whiteboards

Marielle Lange mlange at widged.com
Thu Feb 1 12:31:25 EST 2007


Agreed, Stephen.

At the show, I couldn't even find any information about mac  
compatibility. That's very weird. Many schools have invested in macs  
as they have the reputation to encourage more creative activities.  
But all whiteboard applications were run on PCs. As if they expect  
the teacher to be fluent with both platforms.

That's quite interesting. All stands with plenty of pupils around or  
taking parts in various activities like creating podcasts on the  
show, or on the stand with the two kids I spoke with, they were all  
filled with Macs.

Then all these whiteboard applications where that's about a student  
listening and sometimes pressing on the key of a multibutton keypad,  
they were running on PCs.

Sure, these whiteboard applications are a lot more interactive than  
before. Sure, they allow students to better visualise some problems  
(there was a nice mathematical problem of transporting 50 pupils from  
one point to another in a tractor who could only hold 4 at a time,  
where you could put pupils in the tractor, get the tractor moving,  
drop down the pupils at the end and start again).

But it is possible to do *a lot* better than this. The idea of chat  
is good. Pity the absence of way to easily input text is a bit of a  
hurdle. But there are other teaching situations that you can imagine  
where students would collaboratively solve a problem, by manipulating  
objects on the screen. Revolution would be such a nice software to  
develop such applications.

Then there is something else that should be done with revolution. But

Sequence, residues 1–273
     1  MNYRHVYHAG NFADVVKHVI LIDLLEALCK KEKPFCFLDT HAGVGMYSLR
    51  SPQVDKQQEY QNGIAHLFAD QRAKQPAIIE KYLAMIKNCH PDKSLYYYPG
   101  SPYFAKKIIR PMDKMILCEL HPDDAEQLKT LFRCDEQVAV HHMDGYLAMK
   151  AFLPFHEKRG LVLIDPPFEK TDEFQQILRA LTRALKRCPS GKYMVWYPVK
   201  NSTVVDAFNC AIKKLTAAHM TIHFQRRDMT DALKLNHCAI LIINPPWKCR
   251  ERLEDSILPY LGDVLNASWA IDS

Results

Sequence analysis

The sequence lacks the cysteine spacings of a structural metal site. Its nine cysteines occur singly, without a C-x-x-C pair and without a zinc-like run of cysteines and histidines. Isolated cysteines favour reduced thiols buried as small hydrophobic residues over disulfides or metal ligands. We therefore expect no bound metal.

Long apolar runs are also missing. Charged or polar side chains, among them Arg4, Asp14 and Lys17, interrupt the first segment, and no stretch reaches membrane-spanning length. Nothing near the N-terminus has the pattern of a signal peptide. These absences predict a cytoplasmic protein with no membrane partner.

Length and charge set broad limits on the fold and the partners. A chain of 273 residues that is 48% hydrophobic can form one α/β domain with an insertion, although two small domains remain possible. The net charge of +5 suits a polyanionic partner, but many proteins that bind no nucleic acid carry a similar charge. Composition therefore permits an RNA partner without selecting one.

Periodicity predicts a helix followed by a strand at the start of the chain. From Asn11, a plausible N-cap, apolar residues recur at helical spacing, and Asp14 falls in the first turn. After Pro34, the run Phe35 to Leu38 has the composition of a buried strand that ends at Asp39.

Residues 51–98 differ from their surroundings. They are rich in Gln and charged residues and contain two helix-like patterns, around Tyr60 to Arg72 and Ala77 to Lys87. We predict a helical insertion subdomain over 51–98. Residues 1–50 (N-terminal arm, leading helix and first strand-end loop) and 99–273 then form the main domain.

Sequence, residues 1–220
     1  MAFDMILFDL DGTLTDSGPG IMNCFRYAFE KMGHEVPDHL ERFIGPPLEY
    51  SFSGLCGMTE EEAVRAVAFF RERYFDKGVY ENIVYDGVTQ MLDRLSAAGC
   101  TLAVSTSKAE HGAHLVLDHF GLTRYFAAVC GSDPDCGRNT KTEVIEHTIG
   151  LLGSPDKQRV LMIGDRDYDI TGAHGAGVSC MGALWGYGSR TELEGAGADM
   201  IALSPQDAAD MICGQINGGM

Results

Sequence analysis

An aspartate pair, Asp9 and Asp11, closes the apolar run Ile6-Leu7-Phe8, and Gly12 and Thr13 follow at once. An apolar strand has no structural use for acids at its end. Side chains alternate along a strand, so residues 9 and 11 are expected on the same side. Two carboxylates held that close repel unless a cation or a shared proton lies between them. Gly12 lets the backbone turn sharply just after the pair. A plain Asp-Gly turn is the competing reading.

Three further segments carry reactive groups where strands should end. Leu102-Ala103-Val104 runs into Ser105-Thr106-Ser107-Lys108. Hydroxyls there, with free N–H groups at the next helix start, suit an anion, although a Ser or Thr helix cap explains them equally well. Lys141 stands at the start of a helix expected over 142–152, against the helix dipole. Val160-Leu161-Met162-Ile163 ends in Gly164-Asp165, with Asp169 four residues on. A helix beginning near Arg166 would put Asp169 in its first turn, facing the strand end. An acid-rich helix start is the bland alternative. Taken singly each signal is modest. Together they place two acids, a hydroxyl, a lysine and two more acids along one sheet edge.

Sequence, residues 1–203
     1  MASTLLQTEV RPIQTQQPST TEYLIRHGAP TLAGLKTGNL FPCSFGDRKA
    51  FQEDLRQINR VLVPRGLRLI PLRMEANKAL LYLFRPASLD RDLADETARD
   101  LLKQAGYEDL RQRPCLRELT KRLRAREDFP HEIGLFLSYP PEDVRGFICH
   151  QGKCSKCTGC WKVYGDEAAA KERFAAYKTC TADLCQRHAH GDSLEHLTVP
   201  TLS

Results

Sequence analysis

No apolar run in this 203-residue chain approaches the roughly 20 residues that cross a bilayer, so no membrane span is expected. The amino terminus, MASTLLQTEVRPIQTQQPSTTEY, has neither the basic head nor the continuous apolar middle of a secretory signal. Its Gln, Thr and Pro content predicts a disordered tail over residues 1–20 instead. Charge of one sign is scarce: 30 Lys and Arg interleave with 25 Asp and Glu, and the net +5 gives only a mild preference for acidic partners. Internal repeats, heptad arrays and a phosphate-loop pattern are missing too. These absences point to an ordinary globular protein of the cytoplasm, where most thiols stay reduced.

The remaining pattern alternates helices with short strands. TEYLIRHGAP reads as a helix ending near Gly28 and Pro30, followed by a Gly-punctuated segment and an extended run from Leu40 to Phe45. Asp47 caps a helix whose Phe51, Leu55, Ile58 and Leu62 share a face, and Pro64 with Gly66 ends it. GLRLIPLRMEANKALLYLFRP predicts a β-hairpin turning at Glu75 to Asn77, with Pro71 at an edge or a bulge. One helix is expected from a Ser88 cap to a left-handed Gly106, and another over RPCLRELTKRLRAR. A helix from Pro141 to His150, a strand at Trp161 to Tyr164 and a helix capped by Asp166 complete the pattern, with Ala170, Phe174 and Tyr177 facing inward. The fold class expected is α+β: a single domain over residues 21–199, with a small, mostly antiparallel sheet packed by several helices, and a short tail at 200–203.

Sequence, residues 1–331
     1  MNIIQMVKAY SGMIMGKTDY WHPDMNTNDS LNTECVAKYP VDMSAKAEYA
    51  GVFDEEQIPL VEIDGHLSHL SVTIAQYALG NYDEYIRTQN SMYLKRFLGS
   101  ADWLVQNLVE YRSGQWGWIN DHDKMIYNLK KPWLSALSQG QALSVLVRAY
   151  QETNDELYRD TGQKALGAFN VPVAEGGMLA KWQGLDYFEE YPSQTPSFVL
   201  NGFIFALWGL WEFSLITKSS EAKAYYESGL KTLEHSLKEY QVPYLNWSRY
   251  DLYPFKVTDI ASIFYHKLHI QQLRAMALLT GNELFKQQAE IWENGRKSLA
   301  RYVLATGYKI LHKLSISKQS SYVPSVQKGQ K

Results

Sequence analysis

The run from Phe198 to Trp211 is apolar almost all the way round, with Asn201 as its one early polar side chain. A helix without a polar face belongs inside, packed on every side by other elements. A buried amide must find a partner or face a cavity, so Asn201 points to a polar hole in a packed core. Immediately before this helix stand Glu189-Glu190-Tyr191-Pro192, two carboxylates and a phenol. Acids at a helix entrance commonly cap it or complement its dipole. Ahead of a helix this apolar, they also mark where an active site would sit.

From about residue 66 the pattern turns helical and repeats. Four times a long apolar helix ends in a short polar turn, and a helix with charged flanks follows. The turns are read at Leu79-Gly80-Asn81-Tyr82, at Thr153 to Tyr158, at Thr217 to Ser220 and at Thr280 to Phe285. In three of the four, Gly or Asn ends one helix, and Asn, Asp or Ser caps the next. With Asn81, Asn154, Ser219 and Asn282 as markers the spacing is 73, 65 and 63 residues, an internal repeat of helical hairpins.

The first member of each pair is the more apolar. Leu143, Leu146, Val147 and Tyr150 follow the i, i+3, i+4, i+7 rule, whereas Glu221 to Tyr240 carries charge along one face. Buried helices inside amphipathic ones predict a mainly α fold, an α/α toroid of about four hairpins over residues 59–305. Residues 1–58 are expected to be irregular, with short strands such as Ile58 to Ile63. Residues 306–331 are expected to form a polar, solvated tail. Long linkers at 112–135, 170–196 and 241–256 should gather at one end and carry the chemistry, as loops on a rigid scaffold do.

this thing, I was told that if I was to do it, I would become  
millionaire. Who wants to share a million? What is your guess?

Marielle


> <gripe>
>
> One thing that ticks me off about software merchants that often in
> their ignorance or arrogance, they NEVER mention WHAT PLATFORM their
> software will run on, as if Windoze was the only game in town. Then
> if one is possibly interested in the utility or app, one has to
> laboriously plow through the advertising, web sites and pdfs to find
> out.
>
> It turns out that both of these links lead to products that have some
> level of mac compatibility, but it took a bit of time to find out. At
> Promethean, the only clue was an icon for Mac OS 9 (smiling mac)
> which would indicate system 9. No MAC OS X logo was seen. For both
> there was absolutely no Macintosh version information. You see what I
> mean?
>
> For such companies that seem to do this, I tend to want to go  
> somewhere else.
>
> </gripe>

------------------------------------------------
Marielle Lange (PhD),  http://widged.com
Bite-size Applications for Education








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